Our Posthuman Future: Consequences of the Biotechnology Revolution (Francis Fukuyama; New York: Farrar, Straus, and Giroux, 2002)
Although discussion of the consequences of biotechnology does comprise the strongest part of Fukuyama’s latest book, his title is misleading. His purpose is not merely to delineate the consequences of biotechnology, but to argue that biotechnology threatens both the very definition of a human being and the existing social fabric. Fukuyama further asserts that government institutions should be established to evaluate and regulate biotechnological innovations.
The introductory chapter in Part I outlines the book’s thesis and uses Huxley’s Brave New World as an analogy for the subtle alterations of human nature and society likely to result from biotechnology. Such alterations will likely face limited opposition because “everyone gets what they want.” The next four chapters each discuss a burgeoning area of biotechnology (brain science, neuropharmacology/behavior control, life extending technology, and genetic engineering [GE]) and their impact on society. GE is portrayed as the most significant technology because it threatens to modify human nature. The last chapter of Part I summarizes concerns—which include GE’s promise of a “kinder gentler eugenics” and an increase in the number of discarded embryos as a means of eliminating defective genes and increasing reproductive choice—raised by such technological interventions. Fukuyama briefly discusses religious, utilitarian, and philosophical objections to biotechnology. He acknowledges that religious grounds for evaluating biotechnology are clearest and widely held and therefore argues for their greater tolerance in pluralistic democracies. He points out that utilitarian approaches emphasize measurable factors over intangible effects on human rights, justice, and morality. Philosophically speaking, Fukuyama believes that human rights are grounded in human nature as the basis for the human moral sense, social skills, and philosophical discussion.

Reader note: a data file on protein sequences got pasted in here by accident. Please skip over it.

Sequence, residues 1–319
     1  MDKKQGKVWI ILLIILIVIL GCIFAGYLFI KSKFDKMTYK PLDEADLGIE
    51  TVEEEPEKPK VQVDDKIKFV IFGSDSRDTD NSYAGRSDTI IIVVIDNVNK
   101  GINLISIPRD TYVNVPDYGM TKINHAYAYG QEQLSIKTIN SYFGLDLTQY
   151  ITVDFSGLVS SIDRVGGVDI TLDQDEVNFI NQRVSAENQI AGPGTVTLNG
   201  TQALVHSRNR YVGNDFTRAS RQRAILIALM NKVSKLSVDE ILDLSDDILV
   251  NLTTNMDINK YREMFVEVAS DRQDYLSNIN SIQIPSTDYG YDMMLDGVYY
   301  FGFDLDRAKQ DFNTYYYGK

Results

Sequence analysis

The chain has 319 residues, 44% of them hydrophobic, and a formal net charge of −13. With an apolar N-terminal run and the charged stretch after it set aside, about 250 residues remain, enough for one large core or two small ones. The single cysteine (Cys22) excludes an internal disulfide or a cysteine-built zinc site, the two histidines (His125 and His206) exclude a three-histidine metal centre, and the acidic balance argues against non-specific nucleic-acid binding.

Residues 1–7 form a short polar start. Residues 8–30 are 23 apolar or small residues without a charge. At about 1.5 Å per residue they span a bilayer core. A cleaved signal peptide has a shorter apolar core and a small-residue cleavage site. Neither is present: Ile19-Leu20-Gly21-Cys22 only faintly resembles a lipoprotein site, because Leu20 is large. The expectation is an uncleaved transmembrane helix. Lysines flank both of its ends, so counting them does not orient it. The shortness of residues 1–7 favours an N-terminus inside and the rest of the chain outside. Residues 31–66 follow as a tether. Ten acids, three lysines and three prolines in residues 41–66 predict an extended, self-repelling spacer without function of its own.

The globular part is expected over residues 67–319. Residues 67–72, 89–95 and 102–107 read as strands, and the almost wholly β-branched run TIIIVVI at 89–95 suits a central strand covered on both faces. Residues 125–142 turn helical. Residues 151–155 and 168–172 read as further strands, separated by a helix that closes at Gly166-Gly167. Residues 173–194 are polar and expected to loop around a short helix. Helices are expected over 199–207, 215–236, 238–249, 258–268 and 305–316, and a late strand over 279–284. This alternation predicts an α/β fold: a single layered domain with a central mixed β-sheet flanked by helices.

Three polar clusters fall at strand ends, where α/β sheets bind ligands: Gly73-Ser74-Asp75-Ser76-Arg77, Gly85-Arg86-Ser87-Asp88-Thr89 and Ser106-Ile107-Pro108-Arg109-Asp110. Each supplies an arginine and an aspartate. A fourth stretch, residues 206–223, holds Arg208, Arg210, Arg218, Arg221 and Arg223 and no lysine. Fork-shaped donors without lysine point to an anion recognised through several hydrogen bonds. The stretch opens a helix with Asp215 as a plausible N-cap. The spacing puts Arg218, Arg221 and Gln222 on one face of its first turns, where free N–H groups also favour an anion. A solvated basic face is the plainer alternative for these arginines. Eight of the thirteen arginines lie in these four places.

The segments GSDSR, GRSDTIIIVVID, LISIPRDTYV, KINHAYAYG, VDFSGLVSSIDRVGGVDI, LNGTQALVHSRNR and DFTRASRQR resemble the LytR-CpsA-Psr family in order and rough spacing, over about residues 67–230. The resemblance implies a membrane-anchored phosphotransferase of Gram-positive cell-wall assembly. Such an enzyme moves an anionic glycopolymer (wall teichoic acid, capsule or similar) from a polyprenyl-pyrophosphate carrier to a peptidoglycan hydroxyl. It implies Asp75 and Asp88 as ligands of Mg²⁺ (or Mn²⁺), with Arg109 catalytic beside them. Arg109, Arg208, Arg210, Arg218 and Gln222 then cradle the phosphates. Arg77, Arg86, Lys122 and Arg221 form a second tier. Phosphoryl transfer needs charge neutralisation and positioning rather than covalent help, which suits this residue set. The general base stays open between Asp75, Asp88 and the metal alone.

Drawing upon a view of humanity akin to that of natural law, Fukuyama offers in Part II an argument that many religious as well as non-religious people can endorse. He writes from an evolutionary perspective, yet argues for a form of natural law without acknowledging a Lawgiver. He fears tampering with human nature without convincingly articulating why human evolution should not be self-directed. He believes that rights provide “the only shared and widely intelligible vocabulary…for talking about ultimate human goods or ends” and that the only suitable approach is to derive rights from human nature since “human rights that speak to the most deeply felt and universal human drives, ambitions and behaviors will be a...solid foundation for political order.” Fukuyama defines human nature as all genetically determined human characteristics and behaviors. He views human dignity as based in aspects of human nature (the human moral sense, consciousness, and range of human emotions) that reductionist science cannot explain, which make humans more than the sum of their parts.
The final prescriptive section argues that technology can and should be controlled, outlines existing institutions for controlling biotechnology, and advocates further development of national and international regulatory institutions without specifying what should characterize them.
As a member of the President’s Council on Bioethics, Fukuyama and the views he espouses should be of interest to anyone seriously involved in bioethics. Despite the fact that the bases of his arguments may differ from those put forth by the religious community, Fukuyama should be viewed as an ally by Christians and others who believe that humans have special dignity and/or who advocate selective, rather than unbridled, use of biotechnology.
Sharon A. Falkenheimer, “A Review of the Book Our Posthuman Future: Consequences of the Biotechnology Revolution,” Dignity 9, no. 1 (2003): 1, 4–5.